HONESDALE -- The holidays are a time for reconnecting with family members, near and far. Unfortunately, it can also be a time when scam artists prey on a family’s emotions to make a quick buck.
As people begin reaching out to family members to make travel arrangements and plans to gather, Secretary of Banking and Securities Robin L. Wiessmann and Secretary of Aging Teresa Osborne want to remind Pennsylvanians of all ages to be aware of the latest twists in the “Grandparent Scam” and offers tips on how to avoid being a victim.
“With the holiday season upon us, scam artists will undoubtedly increase their efforts to take advantage of individuals – particularly senior citizens – preying on emotional connections to commit fraud,” said Wiessmann. “We urge all citizens across the commonwealth, regardless of age, to exercise serious caution before sending any money across state or international borders.”
The typical version of the scam involves a senior citizen receiving a call from someone claiming to be their grandchild who is in serious trouble and needs their grandparent to send money very quickly without conferring with any other family members or authorities. The success of the scam hinges on the recipient’s sense of familial obligation and willingness to help, along with the pressure of the request requiring immediate action.
“Every year older Pennsylvanians are targeted by scammers and con artists who attempt to steal money by exploiting grandparents’ love for their grandchildren,” said Osborne. “The Wolf administration urges all Pennsylvanians to be on the alert for this scam and encourages seniors, in particular, to follow our tips and never hesitate to simply hang up the phone if you receive a call demanding money be sent right away.”
Osborne also notes that older adults often do not realize they have been scammed or do not know who to report it to. In other cases, they may be too ashamed or embarrassed to report it, in part because they worry that their relatives or friends will think that they no longer have the mental capacity to take care of their own financial affairs.
Secretaries Wiessmann and Osborne point to steps you can take to protect yourself from being the victim of the “Grandparent Scam”:
- Don’t send money right away. A hallmark of financial scams is the pressure to act quickly, but the truth is there are few, if any, “emergencies” that require thousands of dollars and would require your immediate action.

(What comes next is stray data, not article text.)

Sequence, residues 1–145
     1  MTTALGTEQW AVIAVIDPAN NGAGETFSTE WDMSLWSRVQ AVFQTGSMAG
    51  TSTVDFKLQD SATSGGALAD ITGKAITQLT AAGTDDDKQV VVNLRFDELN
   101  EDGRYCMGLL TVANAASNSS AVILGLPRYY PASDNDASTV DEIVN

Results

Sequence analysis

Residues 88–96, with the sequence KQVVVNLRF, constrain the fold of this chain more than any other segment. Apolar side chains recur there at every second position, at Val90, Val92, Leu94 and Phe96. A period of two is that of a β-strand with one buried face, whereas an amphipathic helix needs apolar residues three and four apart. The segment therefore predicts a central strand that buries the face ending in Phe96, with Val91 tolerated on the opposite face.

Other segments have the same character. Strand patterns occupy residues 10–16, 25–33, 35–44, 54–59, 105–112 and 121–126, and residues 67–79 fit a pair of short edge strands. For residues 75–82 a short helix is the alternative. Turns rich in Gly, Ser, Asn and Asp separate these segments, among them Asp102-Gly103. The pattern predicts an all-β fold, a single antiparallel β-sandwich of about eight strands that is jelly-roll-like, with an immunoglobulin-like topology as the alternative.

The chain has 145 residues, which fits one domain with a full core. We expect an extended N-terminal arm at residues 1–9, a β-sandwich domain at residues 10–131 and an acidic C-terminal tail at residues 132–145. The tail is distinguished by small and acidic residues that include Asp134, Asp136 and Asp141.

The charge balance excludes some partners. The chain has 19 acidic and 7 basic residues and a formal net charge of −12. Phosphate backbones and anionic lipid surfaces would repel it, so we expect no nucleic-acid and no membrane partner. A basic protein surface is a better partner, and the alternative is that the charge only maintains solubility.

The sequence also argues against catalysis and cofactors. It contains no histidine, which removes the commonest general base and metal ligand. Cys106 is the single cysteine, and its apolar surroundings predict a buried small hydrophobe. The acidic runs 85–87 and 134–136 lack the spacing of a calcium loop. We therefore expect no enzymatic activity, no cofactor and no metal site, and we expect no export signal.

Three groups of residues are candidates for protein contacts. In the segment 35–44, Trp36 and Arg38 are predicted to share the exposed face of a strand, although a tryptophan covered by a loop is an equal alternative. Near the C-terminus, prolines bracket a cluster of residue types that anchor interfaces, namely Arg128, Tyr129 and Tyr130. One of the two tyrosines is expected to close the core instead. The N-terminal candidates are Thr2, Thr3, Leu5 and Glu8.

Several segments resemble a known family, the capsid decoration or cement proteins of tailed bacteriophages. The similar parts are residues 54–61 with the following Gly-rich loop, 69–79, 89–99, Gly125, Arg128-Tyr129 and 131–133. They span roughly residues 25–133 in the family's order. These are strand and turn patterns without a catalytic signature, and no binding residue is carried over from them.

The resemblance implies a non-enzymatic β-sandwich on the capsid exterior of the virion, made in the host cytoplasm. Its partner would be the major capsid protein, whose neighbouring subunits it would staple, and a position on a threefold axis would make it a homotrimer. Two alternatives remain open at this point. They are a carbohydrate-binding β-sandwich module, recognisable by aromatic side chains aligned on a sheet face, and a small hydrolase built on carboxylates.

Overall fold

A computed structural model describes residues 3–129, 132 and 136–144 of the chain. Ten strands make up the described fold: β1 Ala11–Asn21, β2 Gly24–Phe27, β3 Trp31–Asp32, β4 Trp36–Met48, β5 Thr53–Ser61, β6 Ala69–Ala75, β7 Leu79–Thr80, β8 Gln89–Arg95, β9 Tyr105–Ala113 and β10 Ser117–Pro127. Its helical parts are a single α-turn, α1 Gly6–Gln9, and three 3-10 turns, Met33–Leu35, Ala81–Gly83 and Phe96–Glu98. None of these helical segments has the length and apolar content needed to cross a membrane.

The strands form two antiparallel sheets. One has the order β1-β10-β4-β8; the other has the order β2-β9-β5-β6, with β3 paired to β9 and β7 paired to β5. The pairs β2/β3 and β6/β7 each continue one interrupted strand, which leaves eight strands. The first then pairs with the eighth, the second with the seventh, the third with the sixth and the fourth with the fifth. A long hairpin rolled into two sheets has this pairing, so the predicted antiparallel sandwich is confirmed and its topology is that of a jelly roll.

- Contact your family member using a known phone number. End the call with the scammer and contact your family member with a known telephone number, not a number given to you by the person calling.
- Communicate with your family. Share your travel plans with your family members and ask that they share theirs with you. If you have a grandchild traveling abroad, be sure to have a legitimate phone number where they can be reached.
- Ask a question only your family member would know. Talk to the caller and ask them about details only your family member would know. A name of a childhood pet, a birthday present, or a detail about the last time you saw them in person can all be good ways to determine if this person is actually known to you. Be careful not to use something a scammer could find out about you or your family member online.
- Don’t share too much information. Scam artists are notorious for researching their victims online. Be cautious when posting personal information on social media like Facebook and advise your family members to do the same.
The Department of Aging encourages any person who believes that an older adult is being financially exploited to file a confidential report with any Area Agency on Aging. You can also call the statewide abuse hotline at 800-490-8505.
Anyone can contact the Department of Banking and Securities at 1-800-PA-BANKS or 1-800-600-0007 to ask questions or file complaints about financial transactions, companies, or products.